Koch Lab:Research/AOD tidbits
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During grad school, Steve spent a bunch of time monkeying around with AODs (acousto-optic deflectors, see: wikipedia:AOM) during the construction of otpical tweezers. He spent sometimes months over-analyzing some of the problems encountered and accumulated a lot of data that hasn't been published. He'd like to put that data on OWW to save time for others who may encounter those problems.Send Steve a note if you would like more information about these things--a note will make him motivated to post things sooner!
After aligning the optical tweezers (at Cornell, Wanglab, see Koch_Lab:Publications 2002 Biophys J article) Steve, Richard and others discovered that using our AOD to steer the optical trap in the sample plane produces huge "wiggles" on the detector. These wiggles could add as much as 10 nm of error into the detection signal, which was unacceptable. Steve studied the hell out of this for over a month and in the end, use of the AODs for other than intensity modulation was abandonded, and the piezo stage was used for 1-D stretching. Many unpublished things were discovered along the way, which could be useful to other optical tweezers labs or others using AODs. Some of our thoughts:
- Wiggles definitely caused by AOD and a repeatable function of frequency and AOD power
- Wiggles perhaps worse due to imaging of AOD onto detector (many labs image a plane between the AODs, which may temper the wiggle problem)
- A wiggle subtraction array can be used, level of success unknown (Steve et al. used an "offset array" subtraction, which accounts for the wiggles at a fixed frequency, variable AOD power).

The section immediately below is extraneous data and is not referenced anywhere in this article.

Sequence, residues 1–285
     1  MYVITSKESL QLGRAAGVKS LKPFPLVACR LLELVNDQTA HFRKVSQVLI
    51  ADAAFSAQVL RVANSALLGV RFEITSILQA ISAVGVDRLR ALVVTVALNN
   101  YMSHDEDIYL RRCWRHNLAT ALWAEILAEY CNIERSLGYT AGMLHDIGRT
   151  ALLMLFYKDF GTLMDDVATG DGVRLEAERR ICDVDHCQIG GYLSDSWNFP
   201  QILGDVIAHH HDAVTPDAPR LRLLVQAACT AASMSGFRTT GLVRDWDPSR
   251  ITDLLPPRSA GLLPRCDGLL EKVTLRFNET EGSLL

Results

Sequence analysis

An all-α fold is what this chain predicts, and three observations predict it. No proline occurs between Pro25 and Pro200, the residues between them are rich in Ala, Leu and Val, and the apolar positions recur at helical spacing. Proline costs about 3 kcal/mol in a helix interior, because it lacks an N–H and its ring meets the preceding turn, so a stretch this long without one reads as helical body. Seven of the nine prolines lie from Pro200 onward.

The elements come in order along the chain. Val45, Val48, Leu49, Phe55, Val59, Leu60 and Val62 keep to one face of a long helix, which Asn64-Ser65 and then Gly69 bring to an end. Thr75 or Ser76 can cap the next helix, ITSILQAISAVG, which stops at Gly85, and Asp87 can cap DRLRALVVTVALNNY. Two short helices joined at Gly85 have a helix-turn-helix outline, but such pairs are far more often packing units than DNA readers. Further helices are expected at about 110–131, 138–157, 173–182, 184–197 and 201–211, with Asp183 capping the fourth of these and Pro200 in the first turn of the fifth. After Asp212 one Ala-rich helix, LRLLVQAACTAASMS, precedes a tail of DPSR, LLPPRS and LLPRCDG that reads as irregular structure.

- Wiggles are probably not in focus in sample plane and so do not affect the trapping force...so a separate detection beam probably negates wiggles problem.
The diffraction pattern shown in the picture is the result of shining a HeNe laser through an AOD designed for use with a 1064 nm laser. So, this is not the correct usage of the AOD, but the pattern displayed is similar to what Steve saw using a 1064 nm beam (visualized either with an IR card or possibly by viewing with a CCD camera) and it was much easier at the time to take a picture of a visible laser beam. Steve found the pattern amazing, first because it just looks cool, and second because the simple understanding of acousto-optic diffraction (Bragg diffraction) cannot explain the crazy loop diffraction. Steve actually walked to the engineering library (in the old days of the 1990s you had to go to the library) and photocopied some papers which indicated that this was due to Schaefer-Bergmann diffraction. Schaefer-Bergmann diffraction surprisingly doesn't have a wikipedia article, but is due to acousto-optic diffraction in birefrigent materials. Steve never got far enough to understand this.
Comparison with the cross-hatching beam distortion indicates that the loops are possibly the root cause of the AOD cross-hatching and detector wiggles?